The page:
The disclosures in this second commitment are fairly straightforward and were developed following broad consultation and consensus from New Zealand’s cloud industry. For example, it is generally agreed that if you own data and place it in “the cloud”, you have the right to know where it’s being stored and the legal implications of that. You also have the right to know what sort of backup processes, security and other steps are in place to protect your information, to enable you to make an informed decision when choosing a cloud provider. The Privacy Commissioner has recently released some guidance which illustrates the importance of these types of disclosures and helps interpret them.
The disclosures were determined following a very broad consultation process involving over 250 cloud organisations, individuals and others. We’ve run several rounds of consultation since and while a very small minority of providers aren’t entirely happy with one or two of the disclosures, as will always be the case, the general consensus is very supportive and research shows these disclosures are very important for cloud users.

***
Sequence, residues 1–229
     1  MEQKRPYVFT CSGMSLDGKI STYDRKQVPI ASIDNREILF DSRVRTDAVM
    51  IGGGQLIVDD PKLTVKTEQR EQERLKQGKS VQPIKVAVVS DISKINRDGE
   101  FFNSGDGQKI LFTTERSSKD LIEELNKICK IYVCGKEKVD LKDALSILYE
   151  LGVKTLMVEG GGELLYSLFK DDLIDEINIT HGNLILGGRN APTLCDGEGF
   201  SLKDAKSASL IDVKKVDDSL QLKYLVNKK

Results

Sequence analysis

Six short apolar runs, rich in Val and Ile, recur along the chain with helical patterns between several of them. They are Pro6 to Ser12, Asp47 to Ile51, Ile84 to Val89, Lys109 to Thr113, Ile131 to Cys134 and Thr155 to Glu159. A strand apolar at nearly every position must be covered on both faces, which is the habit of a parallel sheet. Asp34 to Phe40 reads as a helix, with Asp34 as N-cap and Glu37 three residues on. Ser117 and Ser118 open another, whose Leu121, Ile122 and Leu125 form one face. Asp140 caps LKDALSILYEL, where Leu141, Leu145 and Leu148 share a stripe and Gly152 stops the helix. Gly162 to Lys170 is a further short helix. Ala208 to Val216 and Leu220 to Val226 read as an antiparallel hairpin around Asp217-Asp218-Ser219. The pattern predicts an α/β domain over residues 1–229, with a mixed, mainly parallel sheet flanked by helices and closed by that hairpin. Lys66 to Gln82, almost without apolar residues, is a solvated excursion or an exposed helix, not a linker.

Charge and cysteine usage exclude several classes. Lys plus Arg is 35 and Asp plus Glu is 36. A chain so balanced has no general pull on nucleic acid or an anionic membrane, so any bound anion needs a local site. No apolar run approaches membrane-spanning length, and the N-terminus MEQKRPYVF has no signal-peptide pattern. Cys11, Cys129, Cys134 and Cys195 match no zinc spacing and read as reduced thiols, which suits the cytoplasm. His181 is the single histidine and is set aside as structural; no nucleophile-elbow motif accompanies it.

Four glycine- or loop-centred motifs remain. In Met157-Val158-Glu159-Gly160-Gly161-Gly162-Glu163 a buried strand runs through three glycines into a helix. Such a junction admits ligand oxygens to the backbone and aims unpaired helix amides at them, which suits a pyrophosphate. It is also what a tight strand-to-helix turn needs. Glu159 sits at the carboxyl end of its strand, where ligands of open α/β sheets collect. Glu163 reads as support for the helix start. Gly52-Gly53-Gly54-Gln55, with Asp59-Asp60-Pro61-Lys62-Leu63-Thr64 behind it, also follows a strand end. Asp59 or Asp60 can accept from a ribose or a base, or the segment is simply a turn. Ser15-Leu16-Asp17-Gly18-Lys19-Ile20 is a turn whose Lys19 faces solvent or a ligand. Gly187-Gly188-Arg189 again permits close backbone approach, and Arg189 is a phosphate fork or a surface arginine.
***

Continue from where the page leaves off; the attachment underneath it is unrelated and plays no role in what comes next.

One of the core principles of the CloudCode was to not reinvent the wheel, so where possible the Code recognises other standards and international work rather than duplicating.
For example, one of the disclosures is around whether a provider is on the CSA STAR Registry. However the CloudCode disclosures themselves don’t duplicate these international standards – they focus on the two commitments above.
While there were a lot of diverse views expressed at the early stages of the consultation, we would be very happy to walk any provider with concerns through where the CloudCode ended up. I’m confident they would find it’s a very positive step designed to create an even playing field and, most importantly, provide confidence to users when choosing cloud services. In short, CloudCode signatories will act as good cloud citizens and disclose everything that the industry as a whole believes is relevant.”
A Register of Signatories for the CloudCode will be launched shortly.